If you are trying to select text to create highlights or citations, remember that you must now click or tap on the first word, and then click or tap on the last word.
One moment ...
Default project is now your active project.
Project items

Items saved from this article

This article has been saved
Highlights (0)
Some of your highlights are legacy items.

Highlights saved before July 30, 2012 will not be displayed on their respective source pages.

You can easily re-create the highlights by opening the book page or article, selecting the text, and clicking “Highlight.”

Citations (0)
Some of your citations are legacy items.

Any citation created before July 30, 2012 will labeled as a “Cited page.” New citations will be saved as cited passages, pages or articles.

We also added the ability to view new citations from your projects or the book or article where you created them.

Notes (0)
Bookmarks (0)

You have no saved items from this article

Project items include:
  • Saved book/article
  • Highlights
  • Quotes/citations
  • Notes
  • Bookmarks
Notes
Cite this article

Cited article

Style
Citations are available only to our active members.
Buy instant access to cite pages or passages in MLA, APA and Chicago citation styles.

(Einhorn, 1992, p. 25)

(Einhorn 25)

1. Lois J. Einhorn, Abraham Lincoln, the Orator: Penetrating the Lincoln Legend (Westport, CT: Greenwood Press, 1992), 25, http://www.questia.com/read/27419298.

Cited article

Sitting Legislators Get Donations
Settings

Settings

Typeface
Text size Smaller Larger Reset View mode
Search within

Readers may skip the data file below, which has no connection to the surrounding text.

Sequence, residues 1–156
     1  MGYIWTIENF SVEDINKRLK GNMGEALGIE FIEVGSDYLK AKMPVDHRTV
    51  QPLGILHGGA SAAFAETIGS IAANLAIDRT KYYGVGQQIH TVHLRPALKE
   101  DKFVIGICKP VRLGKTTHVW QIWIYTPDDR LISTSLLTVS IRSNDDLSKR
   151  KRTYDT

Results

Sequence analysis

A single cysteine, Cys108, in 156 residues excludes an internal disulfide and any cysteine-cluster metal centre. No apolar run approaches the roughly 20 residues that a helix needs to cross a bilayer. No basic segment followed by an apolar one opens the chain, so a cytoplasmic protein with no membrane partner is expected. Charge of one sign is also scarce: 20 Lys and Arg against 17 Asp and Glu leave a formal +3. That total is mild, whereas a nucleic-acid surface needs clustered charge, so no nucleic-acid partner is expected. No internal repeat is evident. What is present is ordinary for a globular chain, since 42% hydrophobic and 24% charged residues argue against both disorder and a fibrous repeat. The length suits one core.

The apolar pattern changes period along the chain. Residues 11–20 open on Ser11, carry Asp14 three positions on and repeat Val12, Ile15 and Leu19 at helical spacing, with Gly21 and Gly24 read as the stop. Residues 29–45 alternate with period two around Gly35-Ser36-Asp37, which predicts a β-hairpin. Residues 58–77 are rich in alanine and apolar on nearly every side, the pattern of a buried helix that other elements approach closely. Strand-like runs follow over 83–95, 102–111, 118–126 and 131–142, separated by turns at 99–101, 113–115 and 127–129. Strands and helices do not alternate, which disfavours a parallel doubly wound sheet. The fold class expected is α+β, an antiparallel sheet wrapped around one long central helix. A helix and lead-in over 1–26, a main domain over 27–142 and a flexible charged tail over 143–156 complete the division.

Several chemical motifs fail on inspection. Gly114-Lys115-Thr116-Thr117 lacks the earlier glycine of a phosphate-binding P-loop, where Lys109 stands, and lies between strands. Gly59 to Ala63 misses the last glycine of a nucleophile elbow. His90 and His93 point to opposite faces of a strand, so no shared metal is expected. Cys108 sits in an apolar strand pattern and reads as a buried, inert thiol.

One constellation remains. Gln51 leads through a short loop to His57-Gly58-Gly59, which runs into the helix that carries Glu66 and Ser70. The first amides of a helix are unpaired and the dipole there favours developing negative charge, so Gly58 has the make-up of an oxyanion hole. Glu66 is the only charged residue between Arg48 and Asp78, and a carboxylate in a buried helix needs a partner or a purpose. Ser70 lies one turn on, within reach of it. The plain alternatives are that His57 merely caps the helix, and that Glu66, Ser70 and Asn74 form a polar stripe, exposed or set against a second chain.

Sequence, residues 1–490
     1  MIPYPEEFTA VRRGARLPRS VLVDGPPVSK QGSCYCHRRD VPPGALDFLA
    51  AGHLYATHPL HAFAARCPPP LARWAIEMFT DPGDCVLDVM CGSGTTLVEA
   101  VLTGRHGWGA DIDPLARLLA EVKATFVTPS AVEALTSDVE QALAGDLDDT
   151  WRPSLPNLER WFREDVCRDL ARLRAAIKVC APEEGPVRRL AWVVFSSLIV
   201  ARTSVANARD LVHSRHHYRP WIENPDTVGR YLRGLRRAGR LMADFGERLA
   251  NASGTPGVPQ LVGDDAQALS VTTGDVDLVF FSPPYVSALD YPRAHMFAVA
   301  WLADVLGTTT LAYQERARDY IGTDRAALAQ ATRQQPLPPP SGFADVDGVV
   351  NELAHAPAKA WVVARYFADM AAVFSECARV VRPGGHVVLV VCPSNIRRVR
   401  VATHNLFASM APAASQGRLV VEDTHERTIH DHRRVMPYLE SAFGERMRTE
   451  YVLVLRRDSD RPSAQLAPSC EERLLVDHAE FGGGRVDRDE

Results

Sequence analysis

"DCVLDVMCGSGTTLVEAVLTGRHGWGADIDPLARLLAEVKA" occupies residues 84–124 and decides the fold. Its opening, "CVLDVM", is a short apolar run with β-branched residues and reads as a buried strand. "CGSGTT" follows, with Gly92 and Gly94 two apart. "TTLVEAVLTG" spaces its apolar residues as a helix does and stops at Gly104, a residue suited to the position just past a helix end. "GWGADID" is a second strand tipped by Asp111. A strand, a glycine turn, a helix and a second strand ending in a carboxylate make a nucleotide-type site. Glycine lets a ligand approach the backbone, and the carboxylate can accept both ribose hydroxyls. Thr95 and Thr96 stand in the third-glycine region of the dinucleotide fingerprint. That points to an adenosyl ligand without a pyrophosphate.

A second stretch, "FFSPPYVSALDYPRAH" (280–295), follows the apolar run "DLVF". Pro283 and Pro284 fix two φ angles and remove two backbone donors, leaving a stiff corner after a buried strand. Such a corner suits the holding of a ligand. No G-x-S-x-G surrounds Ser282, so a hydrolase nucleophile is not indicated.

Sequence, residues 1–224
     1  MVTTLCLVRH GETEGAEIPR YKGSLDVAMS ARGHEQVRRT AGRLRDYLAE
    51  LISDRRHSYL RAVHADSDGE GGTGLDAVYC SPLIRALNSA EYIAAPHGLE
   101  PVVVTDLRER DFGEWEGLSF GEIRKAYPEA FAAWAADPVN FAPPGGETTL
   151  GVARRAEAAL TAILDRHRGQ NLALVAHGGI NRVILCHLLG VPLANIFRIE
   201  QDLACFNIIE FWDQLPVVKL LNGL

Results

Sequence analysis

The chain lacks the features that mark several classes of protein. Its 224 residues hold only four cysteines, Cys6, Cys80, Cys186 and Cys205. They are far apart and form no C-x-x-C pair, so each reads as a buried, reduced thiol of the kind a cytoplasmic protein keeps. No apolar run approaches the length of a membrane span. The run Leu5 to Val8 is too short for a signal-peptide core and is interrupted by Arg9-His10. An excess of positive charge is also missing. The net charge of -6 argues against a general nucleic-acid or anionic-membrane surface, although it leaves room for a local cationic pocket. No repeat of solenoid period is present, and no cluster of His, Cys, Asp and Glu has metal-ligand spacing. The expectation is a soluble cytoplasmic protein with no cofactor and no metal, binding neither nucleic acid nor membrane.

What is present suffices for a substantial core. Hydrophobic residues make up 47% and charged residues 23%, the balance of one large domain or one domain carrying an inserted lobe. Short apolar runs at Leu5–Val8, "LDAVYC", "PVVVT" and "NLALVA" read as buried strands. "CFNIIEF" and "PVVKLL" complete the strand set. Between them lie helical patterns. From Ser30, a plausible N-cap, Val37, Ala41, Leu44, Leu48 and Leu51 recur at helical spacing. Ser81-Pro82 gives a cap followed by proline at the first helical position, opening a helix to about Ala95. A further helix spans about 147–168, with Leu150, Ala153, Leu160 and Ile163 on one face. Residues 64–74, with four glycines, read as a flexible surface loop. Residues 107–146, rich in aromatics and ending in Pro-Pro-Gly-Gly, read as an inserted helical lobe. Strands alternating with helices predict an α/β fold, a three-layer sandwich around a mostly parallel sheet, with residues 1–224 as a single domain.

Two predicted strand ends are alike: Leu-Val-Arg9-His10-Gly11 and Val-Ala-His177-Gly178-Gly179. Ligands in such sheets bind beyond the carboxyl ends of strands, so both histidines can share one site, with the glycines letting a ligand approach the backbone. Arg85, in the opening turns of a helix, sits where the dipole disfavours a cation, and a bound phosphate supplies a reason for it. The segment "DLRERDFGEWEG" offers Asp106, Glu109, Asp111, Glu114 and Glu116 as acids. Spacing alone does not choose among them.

Search within this article

Look up

Look up a word

  • Dictionary
  • Thesaurus
Please submit a word or phrase above.
Print this page

Print this page

Why can't I print more than one page at a time?

Help
Full screen

matching results for page

    Questia reader help

    How to highlight and cite specific passages

    1. Click or tap the first word you want to select.
    2. Click or tap the last word you want to select, and you’ll see everything in between get selected.
    3. You’ll then get a menu of options like creating a highlight or a citation from that passage of text.

    OK, got it!

    Cited passage

    Style
    Citations are available only to our active members.
    Buy instant access to cite pages or passages in MLA, APA and Chicago citation styles.

    "Portraying himself as an honest, ordinary person helped Lincoln identify with his audiences." (Einhorn, 1992, p. 25).

    "Portraying himself as an honest, ordinary person helped Lincoln identify with his audiences." (Einhorn 25)

    "Portraying himself as an honest, ordinary person helped Lincoln identify with his audiences."1

    1. Lois J. Einhorn, Abraham Lincoln, the Orator: Penetrating the Lincoln Legend (Westport, CT: Greenwood Press, 1992), 25, http://www.questia.com/read/27419298.

    Cited passage

    Thanks for trying Questia!

    Please continue trying out our research tools, but please note, full functionality is available only to our active members.

    Your work will be lost once you leave this Web page.

    Buy instant access to save your work.

    Already a member? Log in now.

    Author Advanced search

    Oops!

    An unknown error has occurred. Please click the button below to reload the page. If the problem persists, please try again in a little while.